Do Religious Convictions Trump Government Rules?
On Faith Blog-The Washington Post


Each week a question is posed at The Washington Post’s On Faith blog moderated by Sally Quinn and Jon Meacham concerning critical religious issues.  Last week the question was particularly compelling and important as it asks this:

In response to the new gay marriage law in Washington, Catholic Charities closed its adoption and foster care programs and cut spousal benefits to future employees — to avoid providing services to homosexual couples.

If a church or other religious charity receives government funding, should it follow all government rules, including those against discrimination based on sexual orientation? Or should government exempt such organizations from requirements that violate particular religious beliefs?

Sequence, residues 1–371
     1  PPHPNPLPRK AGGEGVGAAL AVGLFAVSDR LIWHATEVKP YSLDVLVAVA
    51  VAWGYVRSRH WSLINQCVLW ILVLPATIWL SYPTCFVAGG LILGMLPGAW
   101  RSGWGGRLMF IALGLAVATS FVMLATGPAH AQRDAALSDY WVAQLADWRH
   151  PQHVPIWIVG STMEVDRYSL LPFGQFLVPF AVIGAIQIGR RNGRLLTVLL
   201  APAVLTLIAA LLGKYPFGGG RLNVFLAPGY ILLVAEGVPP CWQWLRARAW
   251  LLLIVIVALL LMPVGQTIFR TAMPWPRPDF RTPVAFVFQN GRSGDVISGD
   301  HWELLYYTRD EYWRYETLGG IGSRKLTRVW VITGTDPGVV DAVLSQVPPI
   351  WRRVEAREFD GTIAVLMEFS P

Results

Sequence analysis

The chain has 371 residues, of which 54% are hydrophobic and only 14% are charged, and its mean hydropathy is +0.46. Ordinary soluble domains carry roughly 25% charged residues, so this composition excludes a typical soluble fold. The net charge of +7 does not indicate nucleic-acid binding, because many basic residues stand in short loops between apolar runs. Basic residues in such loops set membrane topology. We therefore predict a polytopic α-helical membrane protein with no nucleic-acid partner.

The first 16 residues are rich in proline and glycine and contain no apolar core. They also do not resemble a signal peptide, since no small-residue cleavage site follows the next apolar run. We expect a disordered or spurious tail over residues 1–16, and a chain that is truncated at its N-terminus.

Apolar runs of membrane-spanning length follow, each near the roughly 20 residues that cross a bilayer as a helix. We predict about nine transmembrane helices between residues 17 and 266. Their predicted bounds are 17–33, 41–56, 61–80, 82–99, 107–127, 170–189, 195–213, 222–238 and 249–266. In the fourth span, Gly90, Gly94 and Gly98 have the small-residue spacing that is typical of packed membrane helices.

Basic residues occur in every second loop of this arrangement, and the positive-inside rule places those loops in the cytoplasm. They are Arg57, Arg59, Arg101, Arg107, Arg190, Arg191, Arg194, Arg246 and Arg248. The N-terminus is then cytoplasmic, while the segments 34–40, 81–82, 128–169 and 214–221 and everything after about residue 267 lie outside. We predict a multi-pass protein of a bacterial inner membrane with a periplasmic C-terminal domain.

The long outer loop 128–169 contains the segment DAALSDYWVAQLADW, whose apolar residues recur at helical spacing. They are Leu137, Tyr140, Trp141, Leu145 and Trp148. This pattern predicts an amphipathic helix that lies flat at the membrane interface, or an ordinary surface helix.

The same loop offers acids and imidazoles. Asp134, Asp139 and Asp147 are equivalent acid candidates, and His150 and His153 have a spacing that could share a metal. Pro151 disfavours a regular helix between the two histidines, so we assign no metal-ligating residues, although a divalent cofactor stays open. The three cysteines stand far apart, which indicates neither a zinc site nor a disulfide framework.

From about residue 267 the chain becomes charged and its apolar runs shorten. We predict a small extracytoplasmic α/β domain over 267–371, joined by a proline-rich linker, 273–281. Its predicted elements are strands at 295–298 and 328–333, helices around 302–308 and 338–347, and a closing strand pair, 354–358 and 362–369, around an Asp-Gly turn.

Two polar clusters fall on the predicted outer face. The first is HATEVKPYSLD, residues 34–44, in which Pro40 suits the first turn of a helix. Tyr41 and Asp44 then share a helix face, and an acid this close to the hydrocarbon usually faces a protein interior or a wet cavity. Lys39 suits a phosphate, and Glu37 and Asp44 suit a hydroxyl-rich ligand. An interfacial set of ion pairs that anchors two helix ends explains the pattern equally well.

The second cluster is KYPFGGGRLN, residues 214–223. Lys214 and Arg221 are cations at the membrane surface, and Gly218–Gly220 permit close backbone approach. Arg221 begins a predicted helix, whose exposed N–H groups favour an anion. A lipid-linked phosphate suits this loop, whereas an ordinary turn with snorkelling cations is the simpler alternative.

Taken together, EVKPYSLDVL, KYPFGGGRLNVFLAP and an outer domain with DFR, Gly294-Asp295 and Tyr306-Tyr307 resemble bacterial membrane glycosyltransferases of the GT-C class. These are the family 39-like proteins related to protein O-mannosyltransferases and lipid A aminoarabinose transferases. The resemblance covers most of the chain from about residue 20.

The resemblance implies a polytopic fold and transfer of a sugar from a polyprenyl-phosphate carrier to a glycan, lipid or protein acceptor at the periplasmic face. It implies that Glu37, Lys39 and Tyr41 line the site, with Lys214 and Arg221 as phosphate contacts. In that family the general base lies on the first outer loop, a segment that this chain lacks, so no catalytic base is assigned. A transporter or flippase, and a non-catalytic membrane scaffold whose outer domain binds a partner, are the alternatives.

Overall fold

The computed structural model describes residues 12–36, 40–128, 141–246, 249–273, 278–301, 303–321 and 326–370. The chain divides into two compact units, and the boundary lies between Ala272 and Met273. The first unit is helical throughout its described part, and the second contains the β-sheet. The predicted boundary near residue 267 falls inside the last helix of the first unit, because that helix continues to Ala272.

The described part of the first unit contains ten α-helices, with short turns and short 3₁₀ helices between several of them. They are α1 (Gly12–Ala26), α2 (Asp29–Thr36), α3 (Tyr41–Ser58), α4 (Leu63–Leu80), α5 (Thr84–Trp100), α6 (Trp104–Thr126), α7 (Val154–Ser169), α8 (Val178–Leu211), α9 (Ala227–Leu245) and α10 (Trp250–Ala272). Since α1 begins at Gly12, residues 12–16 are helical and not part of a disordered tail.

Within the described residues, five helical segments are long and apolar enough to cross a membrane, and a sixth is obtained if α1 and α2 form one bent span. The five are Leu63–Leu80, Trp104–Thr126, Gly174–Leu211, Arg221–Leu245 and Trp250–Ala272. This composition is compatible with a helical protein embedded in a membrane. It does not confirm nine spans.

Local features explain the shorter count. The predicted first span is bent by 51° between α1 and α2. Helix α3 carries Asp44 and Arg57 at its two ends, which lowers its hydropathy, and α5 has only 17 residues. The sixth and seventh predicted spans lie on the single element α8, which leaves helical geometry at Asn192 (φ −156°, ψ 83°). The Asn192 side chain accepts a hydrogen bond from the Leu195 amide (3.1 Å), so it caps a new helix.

Among respondents was Michael Otterson, head of worldwide public affairs for The Church of Jesus Christ of Latter-day Saints who answered the question and then expanded it to explore a deeper issue: 

He said:

My own Church doesn’t ask for, or accept, government funding, so I’m deferring to other churches to defend that ground.

But let’s drill down into the question more deeply.

There is a long history in the law of exempting religious organizations from burdensome regulations that otherwise govern commercial enterprises. Courts have long recognized that government must tread very lightly before imposing regulations on religious organizations.

As a matter of principle, the use of anti-discrimination laws to force religious organizations to accept persons or adopt practices in violation of their religious beliefs, or alter their ways of life, service, worship or practices, is myopic. Such measures present a fundamental threat to religious liberty and the rights of conscience.


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